By Marvin Zauderer
In last month’s Sport Psychology column, on Assessing Your Mental Fitness, I explained steps you can take during this off-season to evaluate and improve your mental skills. This month, we add to the Advanced Skills of the mentally fit cyclist covered in past installments of this column, and begin to explore how to recover – mentally – from crashes, in Part 1 of a two-part series.
It was May 20, 2007. Dr. Prentice Steffen, Garmin-Chipotle Team Physician and Medical Director, had just watched the peloton start a rainy stage 3 of the Tour of Picardie near Paris. Since the team was headed to Spain next for the Volta a Catalunya race, Dr. Steffen figured he’d get a headstart. He swung his car onto the autoroute and headed for Barcelona. Within minutes, he realized that he was in the worst possible spot: stuck behind the peloton, with no good alternate route. He pulled off the road, and decided to wait until the race cleared. He turned on his race radio. Suddenly, the news crackled through: Garmin-Chipotle rider Steven Cozza had crashed. Dr. Steffen sped to the scene, and found Steven face down, unconscious. Calling on his expertise in emergency medicine, Dr. Steffen stayed with Steven as he was loaded into the ambulance and taken to the hospital.
Steven had a bad head injury and serious neurological symptoms that persisted upon his return home: loss of memory, difficulty focusing, trouble perceiving hot and cold temperatures, an altered sense of taste, and problems with coordination and depth perception. He picks up the story:
I wasn’t sure how long the symptoms could last – maybe even years. With a head injury, you really don’t know how long it will take to heal, or if it will. I was really depressed. One week, I was competing with the best athletes in the world and doing well at it, and then I went to not being able to get out of bed. I didn’t know if I would ever be normal again.”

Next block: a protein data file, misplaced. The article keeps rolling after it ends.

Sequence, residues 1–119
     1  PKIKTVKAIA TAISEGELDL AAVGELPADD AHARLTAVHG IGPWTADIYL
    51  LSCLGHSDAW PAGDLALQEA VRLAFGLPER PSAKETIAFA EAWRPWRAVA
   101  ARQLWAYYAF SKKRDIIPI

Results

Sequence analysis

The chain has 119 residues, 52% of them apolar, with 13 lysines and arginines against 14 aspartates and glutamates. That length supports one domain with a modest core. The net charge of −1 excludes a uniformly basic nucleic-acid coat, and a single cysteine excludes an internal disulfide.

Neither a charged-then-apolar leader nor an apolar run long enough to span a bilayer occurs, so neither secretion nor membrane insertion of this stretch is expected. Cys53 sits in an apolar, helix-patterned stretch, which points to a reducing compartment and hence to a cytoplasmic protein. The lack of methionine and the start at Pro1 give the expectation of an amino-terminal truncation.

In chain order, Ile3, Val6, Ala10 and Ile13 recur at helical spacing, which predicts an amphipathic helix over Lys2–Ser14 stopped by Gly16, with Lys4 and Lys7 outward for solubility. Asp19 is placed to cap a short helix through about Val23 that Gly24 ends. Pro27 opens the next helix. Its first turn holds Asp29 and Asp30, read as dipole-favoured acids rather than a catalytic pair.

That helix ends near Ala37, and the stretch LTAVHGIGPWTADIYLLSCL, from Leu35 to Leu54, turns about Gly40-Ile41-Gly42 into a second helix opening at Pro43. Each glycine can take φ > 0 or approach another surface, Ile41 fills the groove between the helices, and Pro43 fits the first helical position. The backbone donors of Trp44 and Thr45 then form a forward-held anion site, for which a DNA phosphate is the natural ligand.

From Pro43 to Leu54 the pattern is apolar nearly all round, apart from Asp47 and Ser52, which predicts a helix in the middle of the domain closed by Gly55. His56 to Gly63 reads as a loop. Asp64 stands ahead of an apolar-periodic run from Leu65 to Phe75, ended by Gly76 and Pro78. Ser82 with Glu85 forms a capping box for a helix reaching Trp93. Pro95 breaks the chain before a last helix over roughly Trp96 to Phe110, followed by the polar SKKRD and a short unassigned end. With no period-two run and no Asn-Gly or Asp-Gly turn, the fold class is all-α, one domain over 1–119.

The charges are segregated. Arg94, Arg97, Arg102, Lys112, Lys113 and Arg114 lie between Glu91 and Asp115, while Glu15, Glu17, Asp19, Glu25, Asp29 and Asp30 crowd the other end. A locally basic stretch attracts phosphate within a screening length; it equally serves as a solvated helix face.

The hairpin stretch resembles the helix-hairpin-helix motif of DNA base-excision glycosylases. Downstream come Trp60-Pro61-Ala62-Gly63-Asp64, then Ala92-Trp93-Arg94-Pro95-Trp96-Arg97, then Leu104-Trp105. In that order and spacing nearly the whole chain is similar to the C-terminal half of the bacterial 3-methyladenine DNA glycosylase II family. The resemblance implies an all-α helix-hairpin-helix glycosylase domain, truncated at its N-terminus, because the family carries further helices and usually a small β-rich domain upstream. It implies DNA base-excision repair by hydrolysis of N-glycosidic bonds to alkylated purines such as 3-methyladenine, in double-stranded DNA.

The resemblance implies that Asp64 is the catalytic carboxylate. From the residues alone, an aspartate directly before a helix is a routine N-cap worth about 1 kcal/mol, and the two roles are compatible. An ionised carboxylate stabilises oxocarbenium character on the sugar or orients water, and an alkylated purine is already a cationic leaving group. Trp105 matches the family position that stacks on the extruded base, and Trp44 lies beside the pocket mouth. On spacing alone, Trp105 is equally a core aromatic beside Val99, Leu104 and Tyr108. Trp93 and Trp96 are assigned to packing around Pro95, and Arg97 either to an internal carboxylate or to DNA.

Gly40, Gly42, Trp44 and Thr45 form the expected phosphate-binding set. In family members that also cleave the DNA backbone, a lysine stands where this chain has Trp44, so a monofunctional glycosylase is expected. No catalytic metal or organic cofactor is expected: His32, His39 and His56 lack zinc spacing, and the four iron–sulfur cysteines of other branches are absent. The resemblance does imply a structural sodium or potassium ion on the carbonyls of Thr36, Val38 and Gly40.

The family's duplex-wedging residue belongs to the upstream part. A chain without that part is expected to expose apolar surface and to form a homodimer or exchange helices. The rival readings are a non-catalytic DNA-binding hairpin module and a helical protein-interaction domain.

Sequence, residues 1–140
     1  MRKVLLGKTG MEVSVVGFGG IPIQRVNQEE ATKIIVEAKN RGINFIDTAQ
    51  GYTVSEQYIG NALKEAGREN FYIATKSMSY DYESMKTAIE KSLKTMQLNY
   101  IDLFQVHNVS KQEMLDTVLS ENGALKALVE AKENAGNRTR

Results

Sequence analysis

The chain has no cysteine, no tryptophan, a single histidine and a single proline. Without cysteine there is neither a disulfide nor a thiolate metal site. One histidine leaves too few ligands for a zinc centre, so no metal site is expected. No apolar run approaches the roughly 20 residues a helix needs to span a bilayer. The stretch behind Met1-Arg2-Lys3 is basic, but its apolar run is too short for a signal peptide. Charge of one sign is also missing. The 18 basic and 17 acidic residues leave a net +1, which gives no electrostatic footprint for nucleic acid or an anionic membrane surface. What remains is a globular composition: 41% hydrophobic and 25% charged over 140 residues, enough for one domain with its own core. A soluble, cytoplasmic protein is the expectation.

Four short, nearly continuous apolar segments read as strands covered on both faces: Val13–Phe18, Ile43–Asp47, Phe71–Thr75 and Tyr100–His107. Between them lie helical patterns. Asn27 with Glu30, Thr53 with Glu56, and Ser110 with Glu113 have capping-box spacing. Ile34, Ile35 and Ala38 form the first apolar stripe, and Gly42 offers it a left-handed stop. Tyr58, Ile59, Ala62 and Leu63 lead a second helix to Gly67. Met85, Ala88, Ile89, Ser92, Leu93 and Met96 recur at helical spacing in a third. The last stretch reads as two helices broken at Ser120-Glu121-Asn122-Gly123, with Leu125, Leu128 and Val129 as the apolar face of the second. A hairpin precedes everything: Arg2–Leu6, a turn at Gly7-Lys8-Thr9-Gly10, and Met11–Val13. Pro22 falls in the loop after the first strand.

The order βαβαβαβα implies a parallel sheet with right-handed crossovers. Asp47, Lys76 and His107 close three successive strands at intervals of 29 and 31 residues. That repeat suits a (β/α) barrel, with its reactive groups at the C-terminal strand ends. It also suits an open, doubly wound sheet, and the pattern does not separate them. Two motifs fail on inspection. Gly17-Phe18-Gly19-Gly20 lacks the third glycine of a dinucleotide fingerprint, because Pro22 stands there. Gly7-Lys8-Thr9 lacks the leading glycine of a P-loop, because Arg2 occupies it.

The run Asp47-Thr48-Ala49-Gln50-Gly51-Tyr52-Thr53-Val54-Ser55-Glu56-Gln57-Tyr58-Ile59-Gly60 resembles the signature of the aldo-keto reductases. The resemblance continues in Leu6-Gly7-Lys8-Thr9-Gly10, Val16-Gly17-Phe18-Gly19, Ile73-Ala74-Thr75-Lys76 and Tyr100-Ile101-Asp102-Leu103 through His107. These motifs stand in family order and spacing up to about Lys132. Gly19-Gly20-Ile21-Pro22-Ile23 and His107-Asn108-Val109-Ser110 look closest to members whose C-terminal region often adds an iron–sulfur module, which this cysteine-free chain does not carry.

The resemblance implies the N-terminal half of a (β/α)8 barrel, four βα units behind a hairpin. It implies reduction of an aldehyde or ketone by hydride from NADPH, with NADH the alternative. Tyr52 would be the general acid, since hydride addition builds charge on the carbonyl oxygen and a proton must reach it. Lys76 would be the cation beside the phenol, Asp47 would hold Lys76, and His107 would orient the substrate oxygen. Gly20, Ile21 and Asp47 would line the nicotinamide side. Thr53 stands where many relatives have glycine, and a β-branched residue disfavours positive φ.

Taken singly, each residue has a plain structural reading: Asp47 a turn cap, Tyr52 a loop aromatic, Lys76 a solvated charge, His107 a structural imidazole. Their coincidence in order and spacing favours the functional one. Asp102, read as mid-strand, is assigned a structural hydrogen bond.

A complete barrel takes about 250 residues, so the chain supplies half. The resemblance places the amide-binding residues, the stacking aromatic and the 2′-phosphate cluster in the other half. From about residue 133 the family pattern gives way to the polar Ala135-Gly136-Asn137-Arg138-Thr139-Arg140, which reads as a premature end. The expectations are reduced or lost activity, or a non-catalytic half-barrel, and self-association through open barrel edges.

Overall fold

A head injury is bad enough. But research has also shown that the brain can change as a result of emotional trauma – experienced during and after the traumatic event – and depression is a common consequence.
In her landmark book, Trauma and Recovery, Dr. Judith Herman writes,
Psychological trauma is an affliction of the powerless. At the moment of trauma, the victim is rendered helpless by overwhelming force. When the force is that of nature, we speak of disasters. When the force is that of other human beings, we speak of atrocities. Traumatic events overwhelm the ordinary systems of care that give people a sense of control, connection, and meaning.
“The first principle of recovery is the empowerment of the survivor. [He] must be the author and arbiter of [his] own recovery. Others may offer advice, support, assistance, affection, and care, but not cure….Trauma robs the victim of a sense of power and control; the guiding principle of recovery is to restore power and control to the survivor.”